I also had the wonderful pleasure today of sharing some of my lavender stems and flower heads with my current massage therapist, Maguin, and my former massage therapist, Gael, who I consider a good friend, even if we don't see each other more than once or twice every year.  I often think of Gael when I pass the lavender in my garden, so was happy for the excuse to phone her, and since I was surprisingly "single" tonight (my husband is away on a business trip, and the kids went to stay with their grandma for a few days), we were able to enjoy an evening together of dinner and good conversation.  I hope to see my mom soon, so I can share some lavender with her.  After all, one of the pleasures of having a garden is being able to share the abundance with friends and friends.

Monday, July 23, 2012

Sony NEX5N Garden Photos

Recently we bought a Sony NEX5N camera which is an ultra-small digital SLR camera with some full-size camera capabilities.  Other than its resistance to taking super closeup macro photos (which my little Nikon Coolpix L21 was surprisingly good at), I have been impressed all around with this Sony camera.  The feature which really sold us was the low light capabilities - up to ISO 12800, so it practically takes images in the dark!

This weekend I had my first opportunity to play with the camera, and took a number of photos of my mother-in-law's garden.  I've compiled the results into a few mosaics.  First, just in "normal" modes:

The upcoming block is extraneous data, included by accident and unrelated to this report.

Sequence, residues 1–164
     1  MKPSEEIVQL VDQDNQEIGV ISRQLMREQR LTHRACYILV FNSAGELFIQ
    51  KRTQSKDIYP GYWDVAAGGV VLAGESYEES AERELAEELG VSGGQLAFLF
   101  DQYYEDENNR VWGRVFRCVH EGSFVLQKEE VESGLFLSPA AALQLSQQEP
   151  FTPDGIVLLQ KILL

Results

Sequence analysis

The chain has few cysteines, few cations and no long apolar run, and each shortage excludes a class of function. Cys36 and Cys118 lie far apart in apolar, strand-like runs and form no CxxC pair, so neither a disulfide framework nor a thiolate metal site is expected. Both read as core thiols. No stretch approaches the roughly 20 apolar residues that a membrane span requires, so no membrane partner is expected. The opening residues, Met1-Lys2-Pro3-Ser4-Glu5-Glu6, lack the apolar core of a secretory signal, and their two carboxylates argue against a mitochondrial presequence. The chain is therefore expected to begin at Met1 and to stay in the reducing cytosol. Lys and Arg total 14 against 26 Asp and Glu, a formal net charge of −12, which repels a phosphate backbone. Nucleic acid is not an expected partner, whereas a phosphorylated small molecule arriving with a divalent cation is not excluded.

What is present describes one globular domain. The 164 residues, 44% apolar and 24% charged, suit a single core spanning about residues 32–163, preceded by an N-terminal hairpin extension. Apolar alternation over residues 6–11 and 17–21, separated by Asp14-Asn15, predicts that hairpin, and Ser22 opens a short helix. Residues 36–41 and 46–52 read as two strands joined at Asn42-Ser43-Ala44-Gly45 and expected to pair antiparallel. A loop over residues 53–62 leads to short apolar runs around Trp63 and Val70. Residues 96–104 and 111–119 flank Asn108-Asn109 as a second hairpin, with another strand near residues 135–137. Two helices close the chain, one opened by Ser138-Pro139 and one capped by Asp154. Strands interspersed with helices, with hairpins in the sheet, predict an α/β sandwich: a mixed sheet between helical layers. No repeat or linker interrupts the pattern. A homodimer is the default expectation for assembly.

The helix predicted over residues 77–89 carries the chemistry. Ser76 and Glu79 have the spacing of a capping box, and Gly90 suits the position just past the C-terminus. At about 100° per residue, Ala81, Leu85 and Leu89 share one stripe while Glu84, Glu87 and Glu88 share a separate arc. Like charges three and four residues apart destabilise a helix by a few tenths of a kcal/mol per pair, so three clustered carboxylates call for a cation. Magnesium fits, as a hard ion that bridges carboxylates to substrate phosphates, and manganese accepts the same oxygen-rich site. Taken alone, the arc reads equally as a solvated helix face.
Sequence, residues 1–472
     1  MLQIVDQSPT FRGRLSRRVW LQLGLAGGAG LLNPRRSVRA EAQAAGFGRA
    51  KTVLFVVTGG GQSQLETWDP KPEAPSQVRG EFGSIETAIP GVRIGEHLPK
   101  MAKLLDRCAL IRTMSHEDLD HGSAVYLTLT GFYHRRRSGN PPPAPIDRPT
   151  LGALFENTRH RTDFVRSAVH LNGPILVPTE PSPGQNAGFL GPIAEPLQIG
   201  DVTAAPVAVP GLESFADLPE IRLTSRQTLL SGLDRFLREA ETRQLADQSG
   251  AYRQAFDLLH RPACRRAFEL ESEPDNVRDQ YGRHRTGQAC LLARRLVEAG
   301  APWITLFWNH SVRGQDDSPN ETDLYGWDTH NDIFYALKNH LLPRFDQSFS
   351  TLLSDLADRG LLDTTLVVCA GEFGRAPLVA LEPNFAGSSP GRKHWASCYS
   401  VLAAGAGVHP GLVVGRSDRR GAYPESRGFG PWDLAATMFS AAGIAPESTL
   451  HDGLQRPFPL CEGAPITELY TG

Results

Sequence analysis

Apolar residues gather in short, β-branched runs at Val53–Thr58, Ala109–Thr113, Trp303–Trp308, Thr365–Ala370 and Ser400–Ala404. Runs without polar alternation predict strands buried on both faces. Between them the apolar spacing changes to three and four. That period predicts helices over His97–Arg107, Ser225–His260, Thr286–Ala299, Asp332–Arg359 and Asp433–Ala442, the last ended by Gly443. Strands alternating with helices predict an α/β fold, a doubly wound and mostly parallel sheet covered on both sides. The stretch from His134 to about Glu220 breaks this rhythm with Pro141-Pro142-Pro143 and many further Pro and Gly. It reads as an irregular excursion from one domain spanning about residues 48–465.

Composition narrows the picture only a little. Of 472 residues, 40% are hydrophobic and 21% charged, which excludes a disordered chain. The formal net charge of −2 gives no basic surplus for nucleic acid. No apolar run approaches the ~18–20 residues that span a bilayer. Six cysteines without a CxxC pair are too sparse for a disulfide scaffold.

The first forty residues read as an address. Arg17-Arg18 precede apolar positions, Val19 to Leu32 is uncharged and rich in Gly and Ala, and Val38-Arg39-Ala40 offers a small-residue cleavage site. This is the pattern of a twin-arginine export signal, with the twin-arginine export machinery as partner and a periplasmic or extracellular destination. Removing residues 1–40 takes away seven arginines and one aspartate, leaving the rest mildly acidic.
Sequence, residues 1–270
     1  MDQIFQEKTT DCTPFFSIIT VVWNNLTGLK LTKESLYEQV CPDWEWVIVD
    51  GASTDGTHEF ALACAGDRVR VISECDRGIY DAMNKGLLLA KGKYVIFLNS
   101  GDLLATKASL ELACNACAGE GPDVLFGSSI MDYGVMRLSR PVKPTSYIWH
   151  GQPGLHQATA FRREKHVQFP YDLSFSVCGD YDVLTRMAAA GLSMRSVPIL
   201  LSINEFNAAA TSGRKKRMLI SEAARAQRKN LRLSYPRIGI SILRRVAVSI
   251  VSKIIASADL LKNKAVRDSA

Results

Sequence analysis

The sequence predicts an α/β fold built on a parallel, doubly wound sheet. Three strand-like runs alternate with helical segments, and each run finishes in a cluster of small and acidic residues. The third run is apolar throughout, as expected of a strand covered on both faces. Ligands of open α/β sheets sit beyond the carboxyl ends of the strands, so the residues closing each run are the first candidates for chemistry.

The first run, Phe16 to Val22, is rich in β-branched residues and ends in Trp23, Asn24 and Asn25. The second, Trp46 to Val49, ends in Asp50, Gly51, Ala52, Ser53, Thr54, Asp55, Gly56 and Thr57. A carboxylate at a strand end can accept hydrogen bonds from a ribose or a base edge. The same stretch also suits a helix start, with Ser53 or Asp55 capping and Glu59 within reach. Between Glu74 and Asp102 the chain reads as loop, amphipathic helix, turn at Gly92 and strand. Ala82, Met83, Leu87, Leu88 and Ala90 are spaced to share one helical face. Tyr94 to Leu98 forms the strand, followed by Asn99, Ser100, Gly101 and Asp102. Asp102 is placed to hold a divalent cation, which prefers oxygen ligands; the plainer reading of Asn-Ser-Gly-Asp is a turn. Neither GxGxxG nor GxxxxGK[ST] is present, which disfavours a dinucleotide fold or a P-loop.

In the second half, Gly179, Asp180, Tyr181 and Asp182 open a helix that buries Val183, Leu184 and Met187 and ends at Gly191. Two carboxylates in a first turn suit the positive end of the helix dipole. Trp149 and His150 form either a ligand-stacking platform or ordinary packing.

Good camera speed, good focus, good colour.
Then I discovered an effect called "Posterize", which was pretty cool for an in-camera feature, something you would expect to find instead in digital post-processing :
My favourite, though, was a feature by which you could select to see only green, blue, red, or yellow, and the remainder of the photo was in black and white :
Since you actually see the result through the digital display (which also swivels, to handle some extreme camera angles), I wonder if you could use this to help finding lost keys, if you marked your keys with a dot of one of these colours?

Thursday, July 12, 2012

Butchart Gardens in Victoria, BC

In May, my husband and I celebrated our 15th anniversary with a cruise from San Diego, CA back to our home in Vancouver, BC.  We had the wonderful opportunity to spend a day in Victoria BC (which may sound funny but this is a rare occurrence for us, since the trip otherwise involves a lengthy and expensive ferry ride from Vancouver).  We decided to spend part of the day at the world famous Butchart Gardens - my first visit.  Even though it was early in the year, it seemed the entire garden was already in bloom.  Here are a few photos I compiled into mosaics.
Butchart Gardens in Victoria, BC
As you see from the next set, even the garbage bins were in bloom:
Butchart Gardens in Victoria, BC